Of the 80 million images opted out, only about 40,000 came from individual artists. That’s less than 1 in 2,000. The rest were opted out in bulk by platforms such as Shutterstock and Artstation. This shows that even the small dent made by opting out was only possible because of collectives looking out for artists. That’s the crux of the issue: the problems that generative AI creates are structural and collective. They cannot be solved by pushing the responsibility to individuals.
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Generative AI companies routinely externalize costs
Appropriating the labor of artists is just one example of generative AI companies pushing the costs of running their business onto third parties.
ChatGPT relied on human feedback to reduce the toxicity of outputs. OpenAI outsourced this feedback to contract workers in Kenya. An investigation into the company found it was paying workers in Kenya less than USD 2/hr while asking them to classify toxic content, including graphic descriptions of child sexual abuse and self-harm.
When ChatGPT was released, educators struggled to adapt—teachers who assigned essays would have to create new assignments. We've written about why this could be healthy for education in the long run, but the short-term consequences will be borne entirely by already underfunded teachers.
And when Microsoft released the chatbot-powered Bing, the company pushed the cost of testing it for harmful outputs partly onto third parties. Early adopters and journalists found many examples of the bot’s tendency to produce wildly inappropriate outputs. In response, CTO Kevin Scott made the implausible claim that it was impossible to discover these problems through internal testing.
It's clear that if generative AI companies want to do right by artists, their current business model is impractical. Creating opt-outs and other stop-gap interventions will only go so far, since they do nothing to change companies' business models or challenge prevailing labor conditions.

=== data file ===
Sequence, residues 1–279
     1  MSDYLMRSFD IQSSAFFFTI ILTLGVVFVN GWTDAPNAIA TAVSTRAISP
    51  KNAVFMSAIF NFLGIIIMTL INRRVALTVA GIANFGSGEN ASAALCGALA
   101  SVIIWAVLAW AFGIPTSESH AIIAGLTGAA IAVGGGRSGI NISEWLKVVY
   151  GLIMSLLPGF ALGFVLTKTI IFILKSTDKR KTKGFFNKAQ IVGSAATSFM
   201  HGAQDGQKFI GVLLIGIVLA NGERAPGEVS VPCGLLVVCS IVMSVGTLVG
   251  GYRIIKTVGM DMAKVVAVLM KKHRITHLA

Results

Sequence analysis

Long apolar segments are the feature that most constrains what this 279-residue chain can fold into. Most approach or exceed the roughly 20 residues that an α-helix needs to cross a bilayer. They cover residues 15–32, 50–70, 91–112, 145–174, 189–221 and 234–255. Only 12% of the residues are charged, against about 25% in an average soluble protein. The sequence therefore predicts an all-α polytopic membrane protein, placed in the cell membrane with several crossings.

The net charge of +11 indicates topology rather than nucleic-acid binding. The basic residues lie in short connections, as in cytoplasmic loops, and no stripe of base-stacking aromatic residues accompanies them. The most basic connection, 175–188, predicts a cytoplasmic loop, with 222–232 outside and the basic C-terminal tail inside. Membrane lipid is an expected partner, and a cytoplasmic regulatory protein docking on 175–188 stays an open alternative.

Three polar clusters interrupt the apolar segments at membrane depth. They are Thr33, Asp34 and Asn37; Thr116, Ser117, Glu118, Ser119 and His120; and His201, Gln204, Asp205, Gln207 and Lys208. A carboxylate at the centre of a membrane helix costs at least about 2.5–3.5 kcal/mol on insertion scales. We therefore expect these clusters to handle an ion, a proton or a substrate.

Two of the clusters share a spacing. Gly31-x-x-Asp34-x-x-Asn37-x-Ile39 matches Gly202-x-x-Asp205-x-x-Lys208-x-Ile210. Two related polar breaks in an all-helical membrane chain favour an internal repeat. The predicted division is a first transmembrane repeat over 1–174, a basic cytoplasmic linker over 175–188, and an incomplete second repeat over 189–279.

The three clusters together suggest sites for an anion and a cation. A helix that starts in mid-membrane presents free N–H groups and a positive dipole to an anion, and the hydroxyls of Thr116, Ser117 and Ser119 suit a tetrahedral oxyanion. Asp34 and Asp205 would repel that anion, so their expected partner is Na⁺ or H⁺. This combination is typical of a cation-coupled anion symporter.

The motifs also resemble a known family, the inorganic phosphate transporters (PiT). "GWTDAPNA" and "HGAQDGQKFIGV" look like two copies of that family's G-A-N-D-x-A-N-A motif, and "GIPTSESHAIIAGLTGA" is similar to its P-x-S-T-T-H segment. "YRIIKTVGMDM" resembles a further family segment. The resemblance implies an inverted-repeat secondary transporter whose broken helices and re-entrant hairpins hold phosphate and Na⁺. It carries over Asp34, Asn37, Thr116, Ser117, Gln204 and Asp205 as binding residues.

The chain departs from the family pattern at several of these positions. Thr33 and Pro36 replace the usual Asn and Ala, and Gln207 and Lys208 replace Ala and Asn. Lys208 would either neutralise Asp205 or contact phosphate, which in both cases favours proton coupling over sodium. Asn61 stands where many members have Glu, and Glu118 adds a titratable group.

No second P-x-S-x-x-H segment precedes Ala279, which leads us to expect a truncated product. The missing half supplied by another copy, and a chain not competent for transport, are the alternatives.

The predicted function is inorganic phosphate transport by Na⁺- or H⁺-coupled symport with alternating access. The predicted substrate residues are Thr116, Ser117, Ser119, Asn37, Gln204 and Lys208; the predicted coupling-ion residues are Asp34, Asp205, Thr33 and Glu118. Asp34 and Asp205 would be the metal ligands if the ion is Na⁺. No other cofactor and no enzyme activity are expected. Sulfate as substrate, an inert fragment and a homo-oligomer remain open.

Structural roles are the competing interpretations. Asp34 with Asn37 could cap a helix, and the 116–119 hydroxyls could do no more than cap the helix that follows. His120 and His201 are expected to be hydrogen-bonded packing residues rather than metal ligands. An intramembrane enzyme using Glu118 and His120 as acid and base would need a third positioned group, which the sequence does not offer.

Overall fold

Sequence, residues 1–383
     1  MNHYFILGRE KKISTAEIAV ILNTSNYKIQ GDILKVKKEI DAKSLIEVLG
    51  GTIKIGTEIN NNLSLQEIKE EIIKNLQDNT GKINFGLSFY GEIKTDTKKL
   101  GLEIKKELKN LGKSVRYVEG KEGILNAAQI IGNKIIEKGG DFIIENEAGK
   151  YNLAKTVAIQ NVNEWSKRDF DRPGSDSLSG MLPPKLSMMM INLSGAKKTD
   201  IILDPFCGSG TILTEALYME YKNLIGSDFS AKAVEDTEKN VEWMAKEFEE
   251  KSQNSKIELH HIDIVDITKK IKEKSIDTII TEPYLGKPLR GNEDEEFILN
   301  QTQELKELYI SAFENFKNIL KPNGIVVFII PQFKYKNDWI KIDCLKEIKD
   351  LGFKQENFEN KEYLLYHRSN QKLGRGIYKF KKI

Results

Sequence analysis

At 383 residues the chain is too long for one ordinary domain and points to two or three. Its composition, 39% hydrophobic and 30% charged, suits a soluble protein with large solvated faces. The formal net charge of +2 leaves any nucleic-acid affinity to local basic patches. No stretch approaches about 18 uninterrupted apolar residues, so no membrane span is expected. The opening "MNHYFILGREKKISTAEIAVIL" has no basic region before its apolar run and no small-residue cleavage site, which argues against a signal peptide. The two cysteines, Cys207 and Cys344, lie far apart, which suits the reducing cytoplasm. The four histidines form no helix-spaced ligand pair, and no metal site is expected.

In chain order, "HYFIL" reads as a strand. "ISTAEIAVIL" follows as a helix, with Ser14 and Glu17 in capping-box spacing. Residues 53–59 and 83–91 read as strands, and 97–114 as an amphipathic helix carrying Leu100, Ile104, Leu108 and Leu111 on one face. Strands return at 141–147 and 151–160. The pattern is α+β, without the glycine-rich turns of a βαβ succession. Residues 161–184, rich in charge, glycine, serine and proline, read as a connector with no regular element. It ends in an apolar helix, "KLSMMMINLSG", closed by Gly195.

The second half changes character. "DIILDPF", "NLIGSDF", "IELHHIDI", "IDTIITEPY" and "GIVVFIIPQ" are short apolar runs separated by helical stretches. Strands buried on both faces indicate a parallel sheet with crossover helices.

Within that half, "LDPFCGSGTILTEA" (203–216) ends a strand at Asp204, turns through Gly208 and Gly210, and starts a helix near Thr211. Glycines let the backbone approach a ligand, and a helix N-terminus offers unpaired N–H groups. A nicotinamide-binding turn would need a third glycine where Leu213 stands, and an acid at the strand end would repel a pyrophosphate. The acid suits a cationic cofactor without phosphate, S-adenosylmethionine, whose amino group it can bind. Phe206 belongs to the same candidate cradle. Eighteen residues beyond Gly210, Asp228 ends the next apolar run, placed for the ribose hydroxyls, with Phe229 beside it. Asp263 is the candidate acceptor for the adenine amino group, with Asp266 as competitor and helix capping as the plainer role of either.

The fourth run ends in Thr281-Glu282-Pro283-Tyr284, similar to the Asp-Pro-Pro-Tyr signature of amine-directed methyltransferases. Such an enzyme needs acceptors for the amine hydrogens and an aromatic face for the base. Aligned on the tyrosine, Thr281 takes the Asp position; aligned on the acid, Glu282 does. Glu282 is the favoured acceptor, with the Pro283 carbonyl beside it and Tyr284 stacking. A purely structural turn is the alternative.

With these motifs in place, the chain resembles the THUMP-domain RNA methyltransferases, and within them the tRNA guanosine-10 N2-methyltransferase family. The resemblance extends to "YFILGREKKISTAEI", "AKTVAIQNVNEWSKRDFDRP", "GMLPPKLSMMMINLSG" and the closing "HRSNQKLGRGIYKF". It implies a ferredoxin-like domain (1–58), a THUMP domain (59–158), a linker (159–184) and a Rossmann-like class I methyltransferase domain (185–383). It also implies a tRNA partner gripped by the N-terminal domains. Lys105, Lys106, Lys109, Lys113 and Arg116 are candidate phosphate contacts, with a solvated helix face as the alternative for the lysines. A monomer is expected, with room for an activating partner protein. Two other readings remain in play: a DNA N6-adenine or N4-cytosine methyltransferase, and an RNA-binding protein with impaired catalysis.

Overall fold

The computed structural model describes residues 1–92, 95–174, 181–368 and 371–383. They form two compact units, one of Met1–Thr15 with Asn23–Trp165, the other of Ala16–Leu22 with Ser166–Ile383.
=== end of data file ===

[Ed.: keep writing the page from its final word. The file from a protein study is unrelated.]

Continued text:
We are grateful to Mona Wang for her valuable input to this post.
Artist Steven Zapata argues against opt-out provisions for generative AI and outlines a different model that is more respectful to artists in this Youtube video.
In The Exploited Labor Behind Artificial Intelligence, Adrienne Willams and others highlight that concerns about AI doomsday scenarios hide the real-world harm already occurring due to AI tools. They outline worker organizing and unionization as key interventions for improving the living conditions of workers behind AI tools.
In their book Ghost work, Mary L. Gray and Siddharth Suri show the invisible labor that drives tech companies and is used for everything from content moderation on social media to verifying your Uber driver's identity.
The tool was made by artists who wanted to help other artists. We do not blame them for these issues. Instead, the blame lies with the developers of generative AI tools. Developers profit off their tools but don't build the key infrastructure required to make generative AI tools sustainable.